Posted by Lilly from ? (184.108.40.206) on Tuesday, June 18, 2002 at 2:46PM :
In Reply to: What Kind Of American.... posted by panch from pool0153.cvx24-bradley.dialup.earthlink.net (220.127.116.11) on Tuesday, June 18, 2002 at 8:11AM :
Secession was based on the idea of state rights (or "states rights," a variant that came into use after the Civil War). This exalted the powers of the individual states as opposed to those of the Federal government. It generally rested on the theory of state sovereignty-- that in the United States the ultimate source of political authority lay in the separate states. Associated with the principle of state rights was a sense of state loyalty that could prevail over a feeling of national patriotism. Before the war, the principle found expression in different ways at different times, in the North as well as in the South. During the war it reappeared in the Confederacy.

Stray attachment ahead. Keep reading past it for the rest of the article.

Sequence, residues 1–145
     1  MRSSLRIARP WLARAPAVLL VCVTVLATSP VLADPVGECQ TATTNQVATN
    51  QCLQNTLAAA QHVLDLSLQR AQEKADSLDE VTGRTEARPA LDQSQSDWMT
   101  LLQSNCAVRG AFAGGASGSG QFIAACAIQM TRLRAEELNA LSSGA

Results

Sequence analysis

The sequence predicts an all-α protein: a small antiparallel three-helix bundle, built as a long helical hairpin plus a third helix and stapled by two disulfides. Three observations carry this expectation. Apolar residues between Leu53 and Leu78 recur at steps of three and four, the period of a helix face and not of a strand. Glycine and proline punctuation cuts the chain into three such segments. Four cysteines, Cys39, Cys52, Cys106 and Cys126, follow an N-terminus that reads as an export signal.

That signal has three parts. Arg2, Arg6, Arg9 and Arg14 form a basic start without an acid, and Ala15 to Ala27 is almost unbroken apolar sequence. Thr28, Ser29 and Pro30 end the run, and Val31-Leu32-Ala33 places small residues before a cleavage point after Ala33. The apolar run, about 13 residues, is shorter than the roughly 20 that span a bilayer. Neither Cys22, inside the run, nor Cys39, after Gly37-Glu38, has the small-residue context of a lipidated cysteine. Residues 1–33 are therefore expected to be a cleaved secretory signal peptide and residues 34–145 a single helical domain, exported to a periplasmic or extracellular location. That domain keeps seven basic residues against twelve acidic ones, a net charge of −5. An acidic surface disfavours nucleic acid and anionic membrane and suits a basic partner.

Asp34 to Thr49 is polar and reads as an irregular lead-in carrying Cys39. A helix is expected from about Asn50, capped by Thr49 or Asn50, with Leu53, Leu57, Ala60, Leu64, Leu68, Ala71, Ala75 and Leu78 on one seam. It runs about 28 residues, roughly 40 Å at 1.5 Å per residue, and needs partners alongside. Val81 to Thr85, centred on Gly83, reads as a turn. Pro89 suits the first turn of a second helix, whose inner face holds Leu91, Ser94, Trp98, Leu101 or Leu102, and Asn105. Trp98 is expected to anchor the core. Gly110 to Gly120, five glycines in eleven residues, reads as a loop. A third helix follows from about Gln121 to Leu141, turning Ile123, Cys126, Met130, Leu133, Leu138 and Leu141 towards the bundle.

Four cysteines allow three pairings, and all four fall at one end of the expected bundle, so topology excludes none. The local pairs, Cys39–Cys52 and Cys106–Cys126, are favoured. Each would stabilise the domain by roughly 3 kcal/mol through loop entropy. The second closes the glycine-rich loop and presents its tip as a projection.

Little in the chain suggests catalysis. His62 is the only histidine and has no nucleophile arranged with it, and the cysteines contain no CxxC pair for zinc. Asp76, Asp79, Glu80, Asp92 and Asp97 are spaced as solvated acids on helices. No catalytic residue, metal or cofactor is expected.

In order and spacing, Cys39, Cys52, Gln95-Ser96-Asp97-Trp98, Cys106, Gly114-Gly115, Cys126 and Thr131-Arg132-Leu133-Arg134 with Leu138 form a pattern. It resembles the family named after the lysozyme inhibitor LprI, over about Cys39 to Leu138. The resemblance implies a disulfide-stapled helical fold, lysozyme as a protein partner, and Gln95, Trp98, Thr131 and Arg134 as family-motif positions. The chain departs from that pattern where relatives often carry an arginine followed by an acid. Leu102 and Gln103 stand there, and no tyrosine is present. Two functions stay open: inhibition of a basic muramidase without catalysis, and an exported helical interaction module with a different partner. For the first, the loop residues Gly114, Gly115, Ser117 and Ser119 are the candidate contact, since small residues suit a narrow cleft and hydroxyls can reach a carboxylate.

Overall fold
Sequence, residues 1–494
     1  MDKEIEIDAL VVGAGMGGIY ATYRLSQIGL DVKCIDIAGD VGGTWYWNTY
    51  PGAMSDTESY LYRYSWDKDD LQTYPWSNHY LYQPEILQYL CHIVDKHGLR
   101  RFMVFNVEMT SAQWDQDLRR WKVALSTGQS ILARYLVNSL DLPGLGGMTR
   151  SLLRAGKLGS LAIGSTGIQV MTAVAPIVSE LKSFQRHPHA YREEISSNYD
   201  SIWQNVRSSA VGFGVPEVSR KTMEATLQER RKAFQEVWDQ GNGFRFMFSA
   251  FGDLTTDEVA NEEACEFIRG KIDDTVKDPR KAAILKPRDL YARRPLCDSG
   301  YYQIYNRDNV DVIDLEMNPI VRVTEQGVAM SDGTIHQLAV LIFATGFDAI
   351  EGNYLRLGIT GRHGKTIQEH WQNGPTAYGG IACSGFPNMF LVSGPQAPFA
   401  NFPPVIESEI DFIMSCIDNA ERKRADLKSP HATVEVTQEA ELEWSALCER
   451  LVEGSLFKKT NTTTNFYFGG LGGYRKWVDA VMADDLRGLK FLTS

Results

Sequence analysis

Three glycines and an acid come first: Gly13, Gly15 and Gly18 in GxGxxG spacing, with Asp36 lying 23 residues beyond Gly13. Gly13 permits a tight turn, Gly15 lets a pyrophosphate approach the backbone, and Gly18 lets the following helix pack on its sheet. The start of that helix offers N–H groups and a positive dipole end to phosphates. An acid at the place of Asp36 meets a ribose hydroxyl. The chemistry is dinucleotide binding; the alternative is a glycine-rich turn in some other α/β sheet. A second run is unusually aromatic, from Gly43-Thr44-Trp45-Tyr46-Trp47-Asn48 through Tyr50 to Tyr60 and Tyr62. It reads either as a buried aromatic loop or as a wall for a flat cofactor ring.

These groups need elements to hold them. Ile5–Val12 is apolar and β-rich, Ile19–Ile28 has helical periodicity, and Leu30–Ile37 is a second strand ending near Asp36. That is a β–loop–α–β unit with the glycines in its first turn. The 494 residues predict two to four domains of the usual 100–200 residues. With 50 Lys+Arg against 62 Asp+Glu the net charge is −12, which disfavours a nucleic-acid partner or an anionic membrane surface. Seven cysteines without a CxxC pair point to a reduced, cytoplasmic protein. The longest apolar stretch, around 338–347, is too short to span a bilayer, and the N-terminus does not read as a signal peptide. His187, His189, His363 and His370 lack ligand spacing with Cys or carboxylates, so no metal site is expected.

HAMILTONIANS AND JEFFERSONIANS. The Constitution could be interpreted in opposite ways. In its clause giving Congress all powers "necessary and proper" for carrying the specified powers into effect, Alexander Hamilton as secretary of the treasury found ample authorization for his financial program, including a national bank. In the Tenth Amendment, however, Thomas Jefferson as secretary of state discovered a bar to congressional legislation of that kind: no power to establish a bank having been delegated to Congress, that power must have been reserved to the states. As president, George Washington sided with Hamilton and signed the bills that Congress passed to enact Hamilton's plan. Eventually Jefferson withdrew from the Washington administration and, with Madison, organized an opposition to it. Thus, in the 1790s, originated the two parties, Federalist and Republican, the one willing to exploit the "implied powers" of the Constitution, the other demanding a "strict construction" of the document.
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